According to 2020 Census data, the median household income for Riverside is $120,336. In North Riverside, the number is a little less than half that of its neighbor, at $55,879.
Though both figures are well above Illinois’ poverty threshold of $27,479 for a family of four, LaGrange Park resident Lynda Nadkarni would be one of the first to tell you that there are certainly food-insecure families in what most would consider an affluent community.
Nadkarni, who serves as the minister of mission and outreach at Riverside Presbyterian Church, says that this year alone, nearly 80% of patrons to the church’s food pantry have identified themselves as residents of the 60546 ZIP code.
Since 2018, the 154-year-old church has operated its Little Food Pantry — a 6-foot-tall, glass-front shelving unit located right outside the church’s office entrance where anyone in need can come and take whatever food is available — 24 hours a day.
In the same vestibule, the church also supplements nonperishable food items with fresh produce inside two small commercial-grade refrigerators.
Though Riverside, North Riverside and its neighboring communities aren’t often considered to be places where residents struggle to make ends meet, Nadkarni says that five years ago, the church recognized a growing need for those who had fallen on hard times, specifically regarding food insecurity.
“In 2018, our then pastor really got the church to think about how we could be very mission-focused and intentional,” Nadkarni said. “We picked hunger, and this was one of the things we did about it — create this pantry. At the beginning, it was just donations from church people and was stocked a couple of times a week. Little by little, demand has increased.”
Though the Riverside area is serviced by larger food pantries, including one run by Riverside Township, Riverside Presbyterian Church’s Little Food Pantry sees itself as a vital, supplemental resource for food.
“The setup is what makes us very unique,” Nadkarni said. “We don’t have any set hours, because it’s completely user-choice and because we don’t require people to register to use the pantry.”
From conversations with patrons, Nadkarni says many who are “house poor,” including renters who choose to live in the area for the public school systems and have little money left over at the end of the month for essentials like food and utilities.
In recent months, the pantry has seen an uptick in use, specifically as inflation has led to higher grocery bills and increased gas prices, and from last month’s statewide cessation of special pandemic SNAP benefits.
With close to 100 daily users, the church stocks the pantry twice a day — once first thing in the morning and a second time around dinner time. A team of pantry volunteers schedules produce pickups and stockers, ensuring not one day goes by with empty shelves.
Though the majority of clients come from Riverside and North Riverside, Nadkarni says patrons also come from Brookfield, LaGrange Park, Berwyn, Forest View, Lyons and Stickney. Most hear about the pantry by word-of-mouth, while others discover it by online postings from Nadkarni on community Facebook pages.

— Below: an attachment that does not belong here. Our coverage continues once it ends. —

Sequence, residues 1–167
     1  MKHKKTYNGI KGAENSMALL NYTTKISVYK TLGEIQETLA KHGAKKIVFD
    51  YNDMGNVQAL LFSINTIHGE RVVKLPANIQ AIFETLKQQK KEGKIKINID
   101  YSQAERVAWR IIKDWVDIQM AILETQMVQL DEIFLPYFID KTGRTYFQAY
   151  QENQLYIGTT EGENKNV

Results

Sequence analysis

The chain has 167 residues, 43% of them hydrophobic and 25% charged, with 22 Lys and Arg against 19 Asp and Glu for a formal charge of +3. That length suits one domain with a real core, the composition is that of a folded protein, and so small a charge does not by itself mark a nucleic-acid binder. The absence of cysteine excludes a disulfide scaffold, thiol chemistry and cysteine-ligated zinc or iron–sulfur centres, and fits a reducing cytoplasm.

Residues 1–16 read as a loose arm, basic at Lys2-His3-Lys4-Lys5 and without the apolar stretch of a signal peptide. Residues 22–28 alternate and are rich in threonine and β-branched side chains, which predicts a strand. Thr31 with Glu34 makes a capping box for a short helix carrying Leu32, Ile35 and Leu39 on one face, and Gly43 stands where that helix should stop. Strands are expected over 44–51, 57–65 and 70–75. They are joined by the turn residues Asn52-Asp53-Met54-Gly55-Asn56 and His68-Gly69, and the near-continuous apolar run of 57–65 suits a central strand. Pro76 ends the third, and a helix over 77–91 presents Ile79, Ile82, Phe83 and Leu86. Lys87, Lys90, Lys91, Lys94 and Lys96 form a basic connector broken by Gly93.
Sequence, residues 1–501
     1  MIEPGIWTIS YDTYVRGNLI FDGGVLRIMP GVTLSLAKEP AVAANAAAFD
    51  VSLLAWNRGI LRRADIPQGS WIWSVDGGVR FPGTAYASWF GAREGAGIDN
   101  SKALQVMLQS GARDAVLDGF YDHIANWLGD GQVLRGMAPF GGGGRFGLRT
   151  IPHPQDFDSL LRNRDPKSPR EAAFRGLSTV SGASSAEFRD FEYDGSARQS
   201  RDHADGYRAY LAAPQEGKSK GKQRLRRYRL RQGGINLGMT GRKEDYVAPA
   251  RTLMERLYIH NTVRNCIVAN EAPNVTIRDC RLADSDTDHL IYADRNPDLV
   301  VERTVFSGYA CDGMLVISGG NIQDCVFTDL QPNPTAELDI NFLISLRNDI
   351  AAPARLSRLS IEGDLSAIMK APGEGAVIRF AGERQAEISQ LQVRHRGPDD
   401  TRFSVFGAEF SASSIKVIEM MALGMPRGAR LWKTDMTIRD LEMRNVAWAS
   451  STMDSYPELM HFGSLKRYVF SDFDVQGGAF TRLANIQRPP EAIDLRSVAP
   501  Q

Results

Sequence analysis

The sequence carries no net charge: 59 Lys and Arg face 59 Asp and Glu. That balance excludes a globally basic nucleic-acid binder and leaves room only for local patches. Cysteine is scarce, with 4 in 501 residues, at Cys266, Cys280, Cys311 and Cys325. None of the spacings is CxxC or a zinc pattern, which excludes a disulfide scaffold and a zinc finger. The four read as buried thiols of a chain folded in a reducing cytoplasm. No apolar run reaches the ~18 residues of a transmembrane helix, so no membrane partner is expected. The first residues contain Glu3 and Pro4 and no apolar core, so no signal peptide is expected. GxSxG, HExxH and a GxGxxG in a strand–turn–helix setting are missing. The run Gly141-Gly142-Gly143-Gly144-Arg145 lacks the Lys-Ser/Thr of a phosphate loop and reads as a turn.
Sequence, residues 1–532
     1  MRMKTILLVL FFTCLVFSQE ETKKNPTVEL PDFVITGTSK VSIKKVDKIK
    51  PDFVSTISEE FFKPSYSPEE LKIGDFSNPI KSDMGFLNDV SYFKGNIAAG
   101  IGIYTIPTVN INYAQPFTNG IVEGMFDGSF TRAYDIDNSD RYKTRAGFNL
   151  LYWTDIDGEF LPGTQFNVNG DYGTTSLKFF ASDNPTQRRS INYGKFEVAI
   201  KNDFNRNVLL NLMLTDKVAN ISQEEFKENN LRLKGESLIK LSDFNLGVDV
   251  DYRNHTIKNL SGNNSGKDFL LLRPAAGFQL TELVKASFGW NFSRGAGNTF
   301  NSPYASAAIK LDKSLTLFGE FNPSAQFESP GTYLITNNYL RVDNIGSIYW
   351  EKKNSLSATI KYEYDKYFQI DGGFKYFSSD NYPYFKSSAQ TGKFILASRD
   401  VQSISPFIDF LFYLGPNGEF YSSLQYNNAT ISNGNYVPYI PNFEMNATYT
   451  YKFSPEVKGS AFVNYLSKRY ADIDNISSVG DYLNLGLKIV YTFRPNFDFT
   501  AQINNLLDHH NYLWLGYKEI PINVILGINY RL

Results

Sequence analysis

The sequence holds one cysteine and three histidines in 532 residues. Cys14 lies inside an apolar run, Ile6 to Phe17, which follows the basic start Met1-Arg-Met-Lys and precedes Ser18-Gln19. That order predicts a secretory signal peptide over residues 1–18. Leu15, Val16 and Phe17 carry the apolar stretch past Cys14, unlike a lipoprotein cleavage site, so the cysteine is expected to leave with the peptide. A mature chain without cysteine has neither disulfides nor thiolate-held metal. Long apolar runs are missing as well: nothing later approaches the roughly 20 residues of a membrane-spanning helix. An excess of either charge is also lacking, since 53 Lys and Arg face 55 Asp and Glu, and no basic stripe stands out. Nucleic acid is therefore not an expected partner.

Each week, the church collects around $250 to purchase food. And, thanks to ongoing support twice a week from both Riverside Foods and Aldi in Lyons, a grant from Riverside Township and funds from other local groups including Eagle Scouts and Riverside Junior Woman’s Charity, what started as a church-supported mission has turned into a community-wide effort.
Stephen Marcus, a lifelong member of the church and former Riverside resident who now resides in Lyons, is one of the pantry’s dedicated volunteers.
For him, the motivation to step forward and help was simple.
“There but for the grace of God go I,” he said. “I’ve been in need before. I’m not prescient. I don’t know whether I’ll be in this situation to need this pantry’s services in the future again. I may, but I just want to do this.”
In addition to stocking the pantry, Marcus also delivers food to neighbors in his apartment building who can’t make the trip themselves.
“I believe in this mission, and I feel like the local need for the pantry is growing,” he added.
To Nadkarni, hearing the many stories of clients is what continually inspires her to serve the community in this way.
“During spring break, I was stocking the pantry, and there was a mom there with two children, who said, ‘I can’t thank you enough for this. We come here during breaks and in the summer because we don’t get a free lunch [at school].’
“That is one way in which the pantry is making a difference in a community that is seemingly well-to-do, and we want to make sure everyone knows they are welcome.”
Riverside Presbyterian Church, 116 Barrypoint Road, welcomes new clients and volunteers to its Little Food Pantry.
For more information on volunteer opportunities or food and financial partnership, email Nadkarni at firstname.lastname@example.org.